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Trump budget, Congress stop-gap measure leaves some Purple Line funding in limbo

The Red, Purple, Blue and Expo Lines meet at 7th Street/Metro Center Station in Downtown L.A.
Todd Johnson/KPCC
FILE PHOTO: Metro's Purple Line at 7th Street/Metro Center Station in downtown L.A.

Los Angeles Mayor Eric Garcetti is in Washington, D.C. on Monday and Tuesday, speaking at a conference and before Congress about the importance of federal investment in local infrastructure.

President Donald Trump has promised a trillion-dollar infrastructure plan, but there are questions about whether transit projects in L.A. would benefit.

While the Los Angeles Metropolitan Transportation Authority has a steady stream of funding from four voter-approved sales tax increases, including last November's Measure M, the agency also depends on federal dollars to help build out the county’s transit system.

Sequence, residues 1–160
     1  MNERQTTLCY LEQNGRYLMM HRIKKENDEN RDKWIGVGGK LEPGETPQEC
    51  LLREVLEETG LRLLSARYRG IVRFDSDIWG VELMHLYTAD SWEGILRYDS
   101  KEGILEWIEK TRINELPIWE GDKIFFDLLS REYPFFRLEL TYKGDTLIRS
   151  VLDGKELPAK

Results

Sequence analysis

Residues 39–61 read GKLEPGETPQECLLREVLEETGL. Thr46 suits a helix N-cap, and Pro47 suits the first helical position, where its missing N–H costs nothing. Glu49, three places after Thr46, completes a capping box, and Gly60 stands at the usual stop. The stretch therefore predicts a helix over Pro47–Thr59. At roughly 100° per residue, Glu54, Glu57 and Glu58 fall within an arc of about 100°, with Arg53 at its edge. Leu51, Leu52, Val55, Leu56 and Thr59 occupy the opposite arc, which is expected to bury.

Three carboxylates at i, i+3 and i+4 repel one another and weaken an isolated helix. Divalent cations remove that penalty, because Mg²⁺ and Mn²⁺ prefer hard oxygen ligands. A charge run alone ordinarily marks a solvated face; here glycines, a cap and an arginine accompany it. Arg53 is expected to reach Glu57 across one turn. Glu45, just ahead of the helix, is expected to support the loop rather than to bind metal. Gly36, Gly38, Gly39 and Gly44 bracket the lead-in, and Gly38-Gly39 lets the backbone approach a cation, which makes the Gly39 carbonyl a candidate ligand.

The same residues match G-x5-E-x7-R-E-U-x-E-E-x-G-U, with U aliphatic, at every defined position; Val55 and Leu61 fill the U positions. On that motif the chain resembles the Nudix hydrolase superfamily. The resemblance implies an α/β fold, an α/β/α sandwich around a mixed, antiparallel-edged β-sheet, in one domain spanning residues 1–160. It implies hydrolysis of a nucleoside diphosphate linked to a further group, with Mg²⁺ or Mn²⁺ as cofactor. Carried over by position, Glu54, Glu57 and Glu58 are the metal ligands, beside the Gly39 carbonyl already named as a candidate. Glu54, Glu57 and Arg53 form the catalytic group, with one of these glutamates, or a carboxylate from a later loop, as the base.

Federal funding made up nearly a fifth of the Metro budget last year, and officials assumed those funds would keep on coming for projects like the Purple Line subway.

But the budget proposed by President Trump in March trimmed many transit projects across the country, including the last section of the Purple Line to Westwood.

Yonah Freemark, writer and urban planner, sees reason for optimism in the short-term spending plan approved by Congress earlier this month.

"I think the good news is that the support in Congress appears to be steady and bipartisan," he said.

The stop-gap budget measure funds the government through September and restored money for several transit projects that Trump proposed to cut, such as the electrification of the Caltrain tracks in the San Francisco Bay Area.

But the last section of the Purple Line is still up in the air because it falls outside of the time period covered by the spending measure.

Freemark notes that even if Congress approves the funds, Trump’s Department of Transportation still has the final say on distributing the dollars.